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Testing Materials for Construction of Boilers

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TESTING MATERIALS FOR CONSTRUCTION OF BOILERS In order to determine the strength and the other qualities of the materials, specimens are tested. The results of these tests show the ultimate tensile strength, elastic limit, contraction of area and elongation.

The simplest way to test a piece of iron bar or plate would be to fix it firmly at the upper end and hang weights on the other end, adding other weights until the bar is broken. This is but a crude method, and in order that the elastic limit and elongation may be determined at the same time, testing machines are used. There is a large variety of testing machines, adapted for various materials, but the general principles are the same.

Testing Machines.

The testing machine consists of a frame and two heads, to which the ends of the test piece are fastened by wedges or other devices. By means of steam or hydraulic power one head is drawn away from the other for tensile tests. The pull is transmitted to some weighing device, usually levers and knife edges like the beam of ordinary platform scales. In small machines the pull may be applied by a lever.

Testing Materials for Construction of Boilers

Testing machines are made for all varieties of testing: tensile, compressive and shearing stresses. Also for deflection of beams and for strength of wood, cement, brick and stone. Fig. 1 shows an Olsen testing machine designed for tensile and compressive tests of iron and steel.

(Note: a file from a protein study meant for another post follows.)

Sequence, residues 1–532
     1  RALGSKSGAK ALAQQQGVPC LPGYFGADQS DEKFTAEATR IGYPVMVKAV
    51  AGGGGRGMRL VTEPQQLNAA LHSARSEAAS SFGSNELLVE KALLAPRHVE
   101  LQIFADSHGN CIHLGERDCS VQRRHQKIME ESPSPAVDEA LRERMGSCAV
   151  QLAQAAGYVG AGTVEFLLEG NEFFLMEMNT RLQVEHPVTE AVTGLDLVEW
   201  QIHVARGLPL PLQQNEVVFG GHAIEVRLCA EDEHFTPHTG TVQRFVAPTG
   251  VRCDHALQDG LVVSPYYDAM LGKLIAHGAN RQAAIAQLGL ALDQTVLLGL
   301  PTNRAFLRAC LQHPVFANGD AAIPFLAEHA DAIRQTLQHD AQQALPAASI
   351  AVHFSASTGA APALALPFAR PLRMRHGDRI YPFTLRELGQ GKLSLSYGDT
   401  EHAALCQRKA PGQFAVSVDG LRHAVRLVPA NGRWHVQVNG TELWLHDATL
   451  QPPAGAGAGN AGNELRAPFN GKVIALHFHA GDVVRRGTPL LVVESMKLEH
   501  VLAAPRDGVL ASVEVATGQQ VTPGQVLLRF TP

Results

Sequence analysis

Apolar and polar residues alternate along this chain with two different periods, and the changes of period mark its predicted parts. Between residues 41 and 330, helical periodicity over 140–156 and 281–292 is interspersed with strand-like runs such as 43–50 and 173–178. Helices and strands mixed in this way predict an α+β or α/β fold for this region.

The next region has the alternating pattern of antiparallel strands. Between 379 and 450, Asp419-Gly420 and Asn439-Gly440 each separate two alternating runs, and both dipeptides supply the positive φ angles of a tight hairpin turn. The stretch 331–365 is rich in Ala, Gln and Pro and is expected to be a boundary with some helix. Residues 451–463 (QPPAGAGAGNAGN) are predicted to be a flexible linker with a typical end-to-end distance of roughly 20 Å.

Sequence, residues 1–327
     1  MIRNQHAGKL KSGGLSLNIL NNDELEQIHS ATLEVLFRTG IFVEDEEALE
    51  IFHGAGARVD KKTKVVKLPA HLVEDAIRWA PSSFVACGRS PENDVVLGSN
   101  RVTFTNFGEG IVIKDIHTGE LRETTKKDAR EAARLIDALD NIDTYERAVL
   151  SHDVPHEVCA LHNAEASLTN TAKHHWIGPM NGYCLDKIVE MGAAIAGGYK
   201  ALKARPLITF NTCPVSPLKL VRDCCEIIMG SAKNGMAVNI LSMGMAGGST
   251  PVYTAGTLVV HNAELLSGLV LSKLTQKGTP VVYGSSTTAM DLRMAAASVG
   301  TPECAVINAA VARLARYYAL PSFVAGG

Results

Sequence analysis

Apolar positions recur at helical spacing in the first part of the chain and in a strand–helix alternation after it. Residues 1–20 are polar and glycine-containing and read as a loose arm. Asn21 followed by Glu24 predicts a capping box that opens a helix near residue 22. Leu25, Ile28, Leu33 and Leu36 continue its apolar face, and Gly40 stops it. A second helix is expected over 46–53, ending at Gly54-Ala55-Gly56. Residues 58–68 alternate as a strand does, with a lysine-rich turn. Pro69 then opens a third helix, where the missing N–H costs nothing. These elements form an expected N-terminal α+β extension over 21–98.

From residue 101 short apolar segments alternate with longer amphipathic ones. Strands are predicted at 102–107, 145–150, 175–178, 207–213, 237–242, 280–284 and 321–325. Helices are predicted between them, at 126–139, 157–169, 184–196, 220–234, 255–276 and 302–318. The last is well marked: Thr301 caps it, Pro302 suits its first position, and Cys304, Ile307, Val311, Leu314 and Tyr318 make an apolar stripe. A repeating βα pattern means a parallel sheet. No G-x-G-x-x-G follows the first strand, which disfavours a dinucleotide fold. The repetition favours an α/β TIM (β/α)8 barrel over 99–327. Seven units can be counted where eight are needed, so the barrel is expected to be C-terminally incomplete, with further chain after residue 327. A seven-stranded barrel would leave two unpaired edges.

In order to test materials, test pieces or specimens are prepared. For testing iron plate the test piece should be at least 1 inch wide, about 2 feet long and planed on both edges. Many engineers recommend these dimensions. According to the Board of Supervising Inspectors of Steam Vessels, the test piece should be 10 inches long, 2 inches wide and cut out at the center.

To ascertain the tensile strength and other qualities of steel, a test piece should be taken from each plate. These test pieces are made in the form as shown in Fig. 2. The straight part in the center is 9 inches long and 1 inch wide ; and to determine elongation it is marked with light prickpunch marks at distances 1 inch apart, the marked space being 8 inches in length. The ends are 1-1/2 inches to 2 inches broad and 3 inches to 6 inches long.

As has been explained in "Mechanics," the force necessary to break the piece is the proportionate part of the tensile strength per square inch. Thus if the test piece having a reduced section of .4 square inch is broken at 19,200 pounds, the tensile strength of the plate is (19,200/0.4) = 48,000 pounds per square inch.